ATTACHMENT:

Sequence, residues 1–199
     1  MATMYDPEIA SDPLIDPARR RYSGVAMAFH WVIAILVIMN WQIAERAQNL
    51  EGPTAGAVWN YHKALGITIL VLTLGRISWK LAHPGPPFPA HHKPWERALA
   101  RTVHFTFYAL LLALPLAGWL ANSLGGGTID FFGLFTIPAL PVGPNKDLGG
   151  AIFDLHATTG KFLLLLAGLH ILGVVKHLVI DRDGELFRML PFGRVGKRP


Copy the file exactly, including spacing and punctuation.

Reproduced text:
Sequence, residues 1–199
     1  MATMYDPEIA SDPLIDPARR RYSGVAMAFH WVIAILVIMN WQIAERAQNL
    51  EGPTAGAVWN YHKALGITIL VLTLGRISWK LAHPGPPFPA HHKPWERALA
   101  RTVHFTFYAL LLALPLAGWL ANSLGGGTID FFGLFTIPAL PVGPNKDLGG
   151  AIFDLHATTG KFLLLLAGLH ILGVVKHLVI DRDGELFRML PFGRVGKRP